When I tell people I’m a sex worker, I know exactly what is running through their minds. Red lipstick, heels, fishnets, short clothing, long nails, and every other stereotypical thing that makes up the sex worker “ideal.” That is my life to them, even if I’m standing in front of them wearing sweats and a sweatshirt, hair a mess, nails chewed, and donning a pair of flip-flops. There seems to be a huge disconnect between “sex work Espi” and the Espi that is standing right in front of them. What most people don’t realize is that “sex work Espi” and the Espi they know are the same person. Sex workers are detached – another realm of humanity that the average person can’t grab hold of or put a face on. We are long-haired, long-legged, high heel-wearing silhouettes. When the average person comes to the realization that they actually know one of us, we become the test subject, and every ounce of our lives becomes theirs to put a magnifying glass over. So where is this disconnect? What makes us these shadows in the night, foreign to the average person? The answer is simple: nothing.
When I tell people I’m a sex worker and that I make porn, it’s seemingly impossible for them to realize that my life is more than just shoving stuff into myself for a camera. It’s like people don’t want to see me as a person as “normal” as they are. They don’t want to hear about the cats I have to feed, the snake I have to water, or the family I’m visiting. They don’t want to know that I spend most of my time binge watching television shows, just like they do. To them, I am another silhouette figure, lying on my mattress covered in dildos with mascara streaming down my face and a camera recording my constantly sexual life at all times. With the release of the documentary, Hot Girls Wanted, I’ve thought a lot about what it is that makes society only want to see the parts of us that are our jobs. It’s rare I’ll watch a documentary about porn and see the people in the documentary expressing anything other than pornographic thoughts, and this new (and problematic, though that could be a whole new article) documentary is no exception. To some extent, I can understand why: it would be boring if people knew the truth about sex workers. If they knew that we do normal things and are normal people. However, this trend still reflects a greater, more troubling issue, and that’s the issue of the Silhouette Girl.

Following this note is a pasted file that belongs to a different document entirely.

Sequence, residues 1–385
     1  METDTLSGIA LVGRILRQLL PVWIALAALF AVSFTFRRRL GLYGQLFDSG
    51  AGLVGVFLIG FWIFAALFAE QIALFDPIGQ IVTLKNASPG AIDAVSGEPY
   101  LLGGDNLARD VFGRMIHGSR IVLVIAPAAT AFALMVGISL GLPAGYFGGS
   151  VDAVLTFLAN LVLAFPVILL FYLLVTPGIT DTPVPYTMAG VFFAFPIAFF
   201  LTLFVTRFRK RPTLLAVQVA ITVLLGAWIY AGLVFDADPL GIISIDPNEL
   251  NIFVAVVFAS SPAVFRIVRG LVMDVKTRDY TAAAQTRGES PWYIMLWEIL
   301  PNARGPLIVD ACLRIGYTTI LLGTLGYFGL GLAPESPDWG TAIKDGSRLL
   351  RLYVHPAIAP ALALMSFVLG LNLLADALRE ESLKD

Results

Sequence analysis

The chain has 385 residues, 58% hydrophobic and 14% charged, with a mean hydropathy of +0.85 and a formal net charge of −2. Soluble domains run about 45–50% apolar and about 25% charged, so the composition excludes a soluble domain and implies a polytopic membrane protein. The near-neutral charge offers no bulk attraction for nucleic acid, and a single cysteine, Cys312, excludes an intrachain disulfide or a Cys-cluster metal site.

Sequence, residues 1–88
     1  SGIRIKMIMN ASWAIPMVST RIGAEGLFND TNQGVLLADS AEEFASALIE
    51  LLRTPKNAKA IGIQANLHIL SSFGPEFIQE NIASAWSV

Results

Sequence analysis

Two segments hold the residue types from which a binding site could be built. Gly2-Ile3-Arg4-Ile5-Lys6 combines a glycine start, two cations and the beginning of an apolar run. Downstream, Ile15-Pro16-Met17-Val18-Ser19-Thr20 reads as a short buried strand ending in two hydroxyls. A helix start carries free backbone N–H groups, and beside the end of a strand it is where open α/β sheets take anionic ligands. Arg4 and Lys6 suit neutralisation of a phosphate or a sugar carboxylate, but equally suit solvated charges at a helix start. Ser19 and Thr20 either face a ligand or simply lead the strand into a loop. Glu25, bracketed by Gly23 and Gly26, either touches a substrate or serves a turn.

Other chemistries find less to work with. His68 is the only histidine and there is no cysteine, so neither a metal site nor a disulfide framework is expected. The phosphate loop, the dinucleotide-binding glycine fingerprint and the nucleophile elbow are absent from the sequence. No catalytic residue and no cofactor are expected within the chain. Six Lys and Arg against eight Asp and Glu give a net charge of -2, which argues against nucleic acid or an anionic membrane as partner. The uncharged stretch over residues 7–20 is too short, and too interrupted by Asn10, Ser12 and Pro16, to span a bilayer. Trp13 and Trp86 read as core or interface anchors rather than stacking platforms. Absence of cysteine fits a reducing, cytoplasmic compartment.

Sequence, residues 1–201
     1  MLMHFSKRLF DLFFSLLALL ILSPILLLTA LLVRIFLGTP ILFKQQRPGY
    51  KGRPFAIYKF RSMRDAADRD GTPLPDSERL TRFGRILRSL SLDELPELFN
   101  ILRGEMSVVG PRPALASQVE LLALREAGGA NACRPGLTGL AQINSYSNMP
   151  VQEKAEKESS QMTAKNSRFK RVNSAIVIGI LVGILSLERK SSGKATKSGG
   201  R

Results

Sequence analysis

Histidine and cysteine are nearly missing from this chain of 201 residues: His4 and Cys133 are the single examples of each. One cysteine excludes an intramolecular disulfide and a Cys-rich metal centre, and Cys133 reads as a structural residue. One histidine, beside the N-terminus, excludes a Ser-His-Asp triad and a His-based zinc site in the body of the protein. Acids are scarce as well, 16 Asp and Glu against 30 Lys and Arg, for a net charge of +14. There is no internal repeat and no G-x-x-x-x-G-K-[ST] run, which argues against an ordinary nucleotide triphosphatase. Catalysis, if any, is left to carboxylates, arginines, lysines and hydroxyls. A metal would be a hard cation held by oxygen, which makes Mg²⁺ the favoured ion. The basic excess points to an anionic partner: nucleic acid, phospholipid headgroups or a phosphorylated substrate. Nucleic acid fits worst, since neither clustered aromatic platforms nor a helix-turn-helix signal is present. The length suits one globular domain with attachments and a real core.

The Silhouette Girl has no agency. In Hot Girls Wanted, she is presented through the lens of the people around her and what they think about her choices. The full service sex worker is typically presented through the lens of abolitionists and anti-sex workers. When an article was written about me, I was utterly silenced by those in the comments who used my story as a platform to explain why sex work was wrong. It does not matter how loudly we scream, we are always the Silhouette Girl. Looking at this trend and how it is reflected in the media, especially when it comes to documentaries, that is where we see why people aren’t interested in knowing who we are as people. If the average person is able to completely himself/herself from me and see me only as a walking sex toy, completely devoid of my humanity, their whorephobia and the crimes against me go unnoticed.
The same can be said when people use the phrase “sell your body.” No one in sex work is selling their bodies. Only people in the underground organ market do that. What we sell is an experience – an allotted amount of time paid for by the customer where they have access to my sexual content. By using the phrase “sell your body,” it makes it okay when sex workers are sexually assaulted and killed. If we have been bought, we become property. If we are property, then our “owners” are able to do with us whatever they please. The Silhouette Girl is once again devoid of any sense of agency and any sense of rights.
So how do we go from being viewed as the Silhouette Girl to being viewed as Your Average Person? Unfortunately for sex workers, that lies in the hands of the non-sex workers. It’s up to the non-sex workers to start viewing us as human beings and not like shadows on a lipstick-stained backdrop. It’s up to the non-sex workers to start making documentaries that expose our everyday lives instead of just the dramatized side of our lives that is our jobs (though in an ideal world, I would prefer those making documentaries to actually be made by sex workers). It’s up to the non-sex workers to ask us questions like “what’s your favorite flavor of ice cream?” instead of “do your parents know you do porn?” By limiting us to our sex work side, we are limited, too, in our ability to speak up and be noticed as individuals.
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